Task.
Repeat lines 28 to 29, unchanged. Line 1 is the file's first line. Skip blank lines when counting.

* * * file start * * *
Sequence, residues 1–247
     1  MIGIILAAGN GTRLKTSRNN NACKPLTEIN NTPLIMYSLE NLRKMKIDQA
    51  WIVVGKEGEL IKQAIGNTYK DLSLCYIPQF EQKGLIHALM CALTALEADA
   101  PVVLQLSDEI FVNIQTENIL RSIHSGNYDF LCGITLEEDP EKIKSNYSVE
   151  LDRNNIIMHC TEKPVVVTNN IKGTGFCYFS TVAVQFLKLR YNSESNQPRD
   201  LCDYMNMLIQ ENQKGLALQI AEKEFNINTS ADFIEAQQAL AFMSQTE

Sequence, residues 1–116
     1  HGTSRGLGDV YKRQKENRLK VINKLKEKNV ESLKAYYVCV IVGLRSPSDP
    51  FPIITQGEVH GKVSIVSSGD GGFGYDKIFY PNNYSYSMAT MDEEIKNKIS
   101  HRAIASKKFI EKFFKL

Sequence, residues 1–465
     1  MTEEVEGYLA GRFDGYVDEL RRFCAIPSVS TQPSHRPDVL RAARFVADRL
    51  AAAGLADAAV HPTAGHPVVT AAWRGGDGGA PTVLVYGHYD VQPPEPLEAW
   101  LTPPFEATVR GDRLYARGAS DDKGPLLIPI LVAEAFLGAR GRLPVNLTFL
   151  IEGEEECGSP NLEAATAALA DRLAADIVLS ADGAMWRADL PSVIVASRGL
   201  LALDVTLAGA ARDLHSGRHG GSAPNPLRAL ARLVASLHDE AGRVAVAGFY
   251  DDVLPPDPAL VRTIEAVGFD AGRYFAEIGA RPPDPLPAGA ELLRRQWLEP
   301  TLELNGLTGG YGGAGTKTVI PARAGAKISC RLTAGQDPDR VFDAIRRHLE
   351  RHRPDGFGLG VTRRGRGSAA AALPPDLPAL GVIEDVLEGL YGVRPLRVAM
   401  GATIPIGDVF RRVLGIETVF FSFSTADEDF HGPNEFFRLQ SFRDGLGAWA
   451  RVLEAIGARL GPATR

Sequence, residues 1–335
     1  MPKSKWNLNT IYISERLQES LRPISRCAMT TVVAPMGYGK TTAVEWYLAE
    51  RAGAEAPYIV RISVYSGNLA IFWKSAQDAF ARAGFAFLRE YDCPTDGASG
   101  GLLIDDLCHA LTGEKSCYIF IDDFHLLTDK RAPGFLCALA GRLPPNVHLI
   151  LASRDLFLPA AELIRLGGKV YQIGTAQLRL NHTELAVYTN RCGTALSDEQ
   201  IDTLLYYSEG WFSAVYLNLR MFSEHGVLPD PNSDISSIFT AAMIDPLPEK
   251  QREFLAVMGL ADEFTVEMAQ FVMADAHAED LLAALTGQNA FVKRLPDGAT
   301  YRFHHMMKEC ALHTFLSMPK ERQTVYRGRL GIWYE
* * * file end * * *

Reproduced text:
   251  QREFLAVMGL ADEFTVEMAQ FVMADAHAED LLAALTGQNA FVKRLPDGAT
   301  YRFHHMMKEC ALHTFLSMPK ERQTVYRGRL GIWYE